Sorry to hear about your bike. It's well worth the time & frustration if you have an ounce of adventure in your veins!
KTM North America is actually a bunch of really good people- they do "Goodwill Warranty" work more often than not once they hear the story & it is reasonable. There are bad customers too- a friend finally had Kawasaki NA swap an abused 2010 KLR650 for a 650 Versus just to end his 5-year warranty. He was just that loud (and hard on stuff) that they rebuilt his engine a couple of times and even given him a complete engine once. KTM NA doesn't suffer fools, as the old saying goes. They'll also have a serious discussion with the dealership if a problem exists.
A good KTM service manager will plug your bikes VIN into the KTM NA corporate web interface as he takes your bike in & can provide you with data on your bike- when it was made, when it was sold, where, and to whom. Any open (uncompleted) TSB's that are applicable to your bike should
show up on the history. It's a good way to let the customer know you're looking out for them, and helps develop a good relationship on both ends- cause your trying to help the guy ride & his mount happy. The ownership list isn't kept up to date on all bikes unless someone along the way updates the owner information, which is one way KTM NA can keep track of bikes and (where applicable) mail or email any safety issues that (might) pertain to your bike. Saftey recalls are handled through a combination of KTM, DOT & the US government. TSB's don't warrant a certified letter to your house.
The Technical Service Bulletins which are the factorys way of letting dealerships know that certain bikes need updates or changes that have been noted by KTM Austria either from warranty/field experience or factory technicians rigorous testing. CPModem
has them available through the HOW, and there are a lot over the years. The service manager should thouroughly search the database to make sure your bike doesn't have any outstanding. Some of the older TSBs that are uncompleted don't show up so it takes a bit of research. When the dealer starts a claim on your bike if they enter the VIN & then the TSB recall number the computer will immediately kick back any aren't valid or have already been paid on by KTM NA. I have definitely worked on bikes where other KTM NA dealerships did not do the work but the customer was told it was- hopefully that isn't the case but people are people. Again, KTM NA welcomes cutomer input on relevant issues- they want us to have fun riding their bikes!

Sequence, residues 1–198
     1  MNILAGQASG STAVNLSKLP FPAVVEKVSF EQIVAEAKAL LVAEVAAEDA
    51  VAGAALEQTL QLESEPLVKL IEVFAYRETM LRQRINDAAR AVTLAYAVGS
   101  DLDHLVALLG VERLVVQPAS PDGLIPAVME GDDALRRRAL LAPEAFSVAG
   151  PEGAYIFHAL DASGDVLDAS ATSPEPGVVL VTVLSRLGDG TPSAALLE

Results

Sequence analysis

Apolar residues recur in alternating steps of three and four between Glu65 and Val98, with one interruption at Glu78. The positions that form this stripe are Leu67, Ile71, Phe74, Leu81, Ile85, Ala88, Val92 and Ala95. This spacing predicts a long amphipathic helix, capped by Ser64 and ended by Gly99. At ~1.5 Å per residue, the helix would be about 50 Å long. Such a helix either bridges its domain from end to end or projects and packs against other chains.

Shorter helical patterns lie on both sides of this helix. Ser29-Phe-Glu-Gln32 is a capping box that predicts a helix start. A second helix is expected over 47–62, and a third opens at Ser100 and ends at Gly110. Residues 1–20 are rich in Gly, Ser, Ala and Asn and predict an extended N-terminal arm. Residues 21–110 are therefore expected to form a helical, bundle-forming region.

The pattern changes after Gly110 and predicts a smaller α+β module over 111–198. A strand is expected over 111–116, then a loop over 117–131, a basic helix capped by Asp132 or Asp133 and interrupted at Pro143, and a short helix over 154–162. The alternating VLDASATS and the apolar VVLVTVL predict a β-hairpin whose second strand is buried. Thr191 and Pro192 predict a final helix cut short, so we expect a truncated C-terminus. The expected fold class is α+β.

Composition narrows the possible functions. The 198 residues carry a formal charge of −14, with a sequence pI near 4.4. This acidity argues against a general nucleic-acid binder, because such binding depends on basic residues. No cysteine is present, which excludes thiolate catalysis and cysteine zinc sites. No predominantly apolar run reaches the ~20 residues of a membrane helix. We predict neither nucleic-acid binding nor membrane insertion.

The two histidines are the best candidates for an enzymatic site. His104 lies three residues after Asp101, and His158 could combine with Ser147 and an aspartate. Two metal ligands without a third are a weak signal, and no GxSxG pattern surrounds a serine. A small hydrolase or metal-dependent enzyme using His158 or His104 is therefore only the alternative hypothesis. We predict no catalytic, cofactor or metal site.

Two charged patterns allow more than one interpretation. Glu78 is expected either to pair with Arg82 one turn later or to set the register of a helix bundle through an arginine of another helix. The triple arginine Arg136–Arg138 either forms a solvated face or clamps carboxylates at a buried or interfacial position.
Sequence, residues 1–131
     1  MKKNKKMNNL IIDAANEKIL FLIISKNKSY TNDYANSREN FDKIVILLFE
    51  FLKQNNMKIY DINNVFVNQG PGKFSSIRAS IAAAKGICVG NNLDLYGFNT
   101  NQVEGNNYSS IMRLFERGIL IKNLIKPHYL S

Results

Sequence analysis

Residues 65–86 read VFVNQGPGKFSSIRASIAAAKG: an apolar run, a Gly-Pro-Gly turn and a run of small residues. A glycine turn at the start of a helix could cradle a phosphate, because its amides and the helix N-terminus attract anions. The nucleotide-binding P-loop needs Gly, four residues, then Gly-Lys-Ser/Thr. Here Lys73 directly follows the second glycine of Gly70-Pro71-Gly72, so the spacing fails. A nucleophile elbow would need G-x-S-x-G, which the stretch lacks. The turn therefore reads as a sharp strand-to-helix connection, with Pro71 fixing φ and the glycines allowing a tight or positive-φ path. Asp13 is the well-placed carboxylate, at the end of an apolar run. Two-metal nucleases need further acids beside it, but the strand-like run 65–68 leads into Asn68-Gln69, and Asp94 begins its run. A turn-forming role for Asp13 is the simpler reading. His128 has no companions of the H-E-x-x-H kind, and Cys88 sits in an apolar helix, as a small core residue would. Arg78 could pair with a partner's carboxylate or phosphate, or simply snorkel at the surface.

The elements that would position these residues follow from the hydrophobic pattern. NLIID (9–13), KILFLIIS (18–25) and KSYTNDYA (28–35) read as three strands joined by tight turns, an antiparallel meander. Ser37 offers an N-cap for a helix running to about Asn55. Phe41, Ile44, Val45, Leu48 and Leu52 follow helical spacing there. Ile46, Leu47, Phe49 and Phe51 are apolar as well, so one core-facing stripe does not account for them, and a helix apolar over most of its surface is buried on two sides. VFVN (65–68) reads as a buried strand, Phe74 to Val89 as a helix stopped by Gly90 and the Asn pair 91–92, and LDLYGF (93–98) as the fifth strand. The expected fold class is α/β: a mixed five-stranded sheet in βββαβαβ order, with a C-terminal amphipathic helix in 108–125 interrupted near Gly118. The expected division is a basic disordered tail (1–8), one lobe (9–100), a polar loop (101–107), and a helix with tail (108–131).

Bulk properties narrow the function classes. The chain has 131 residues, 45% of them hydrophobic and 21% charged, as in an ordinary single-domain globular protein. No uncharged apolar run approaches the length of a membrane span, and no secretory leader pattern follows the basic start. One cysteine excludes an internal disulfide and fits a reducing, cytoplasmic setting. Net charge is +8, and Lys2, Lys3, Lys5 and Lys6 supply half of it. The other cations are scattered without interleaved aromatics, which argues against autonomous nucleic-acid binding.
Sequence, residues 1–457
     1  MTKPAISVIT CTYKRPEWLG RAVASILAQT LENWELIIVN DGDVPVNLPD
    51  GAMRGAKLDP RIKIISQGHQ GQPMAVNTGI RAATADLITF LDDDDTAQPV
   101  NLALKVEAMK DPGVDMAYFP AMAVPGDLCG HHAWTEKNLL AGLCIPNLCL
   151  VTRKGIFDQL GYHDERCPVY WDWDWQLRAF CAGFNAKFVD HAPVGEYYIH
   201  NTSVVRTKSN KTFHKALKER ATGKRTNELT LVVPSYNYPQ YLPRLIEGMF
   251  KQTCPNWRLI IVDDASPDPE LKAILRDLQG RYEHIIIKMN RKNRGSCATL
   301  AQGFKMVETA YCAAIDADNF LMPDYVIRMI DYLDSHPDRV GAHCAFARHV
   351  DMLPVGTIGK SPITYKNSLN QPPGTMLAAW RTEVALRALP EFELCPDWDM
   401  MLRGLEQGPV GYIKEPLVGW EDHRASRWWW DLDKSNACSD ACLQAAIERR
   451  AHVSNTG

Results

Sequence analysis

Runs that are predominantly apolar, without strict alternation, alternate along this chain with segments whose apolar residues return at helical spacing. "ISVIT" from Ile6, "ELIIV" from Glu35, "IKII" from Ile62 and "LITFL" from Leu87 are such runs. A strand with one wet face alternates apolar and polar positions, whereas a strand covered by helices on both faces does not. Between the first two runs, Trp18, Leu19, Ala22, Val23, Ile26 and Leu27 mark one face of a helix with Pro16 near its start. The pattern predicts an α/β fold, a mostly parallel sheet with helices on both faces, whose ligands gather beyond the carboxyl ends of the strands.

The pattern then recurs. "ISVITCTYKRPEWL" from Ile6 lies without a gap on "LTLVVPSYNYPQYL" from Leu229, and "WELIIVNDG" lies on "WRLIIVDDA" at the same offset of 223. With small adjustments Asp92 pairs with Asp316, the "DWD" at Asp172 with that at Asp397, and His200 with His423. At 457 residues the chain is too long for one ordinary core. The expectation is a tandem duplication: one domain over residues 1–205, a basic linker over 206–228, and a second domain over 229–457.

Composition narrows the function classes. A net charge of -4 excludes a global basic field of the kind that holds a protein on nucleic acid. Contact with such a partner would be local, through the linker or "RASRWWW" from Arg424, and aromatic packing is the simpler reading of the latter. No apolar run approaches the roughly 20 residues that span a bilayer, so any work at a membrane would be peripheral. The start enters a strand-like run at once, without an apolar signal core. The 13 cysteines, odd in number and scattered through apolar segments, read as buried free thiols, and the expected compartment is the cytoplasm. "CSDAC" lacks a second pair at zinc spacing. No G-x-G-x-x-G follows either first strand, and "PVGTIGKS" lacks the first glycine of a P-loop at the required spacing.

The dealer only gets paid for TSBs when the proper computer work is completed. In some cases the TSB was performed and the service manager/technician didn't log work performed- in which case the dealership paid for the work & your history is dubious at best. Many TSB parts are sent to dealerships as regular (superceded perhaps) inventory so the mechanic simply pulls it & does the job. Like warranty work (in general, all manufacturers) the time alotted a job is for a clean, unmodified bike that you are familiar with. A mechanic that is "learning" on your bike or encountering rusted/stripped fasteners is going to take longer and the chance of something being overlooked, a hose or electrical wire pinched increases. But the dealer by no means makes a bunch money on TSBs or the parts. Some TSBs are so fast you can do them in a few minutes once you're familiar with them.
any TSB parts are either to be kept with the bikes VIN information for a certain number of years or sent back to KTM NAfor verification for reimbursal and in some cases examined at KTM NA or sent back to the KTM Austrian factory.
Next time you go into any KTM dealership provide them with the last 6 numbers of your VIN and they can look your bike up for you!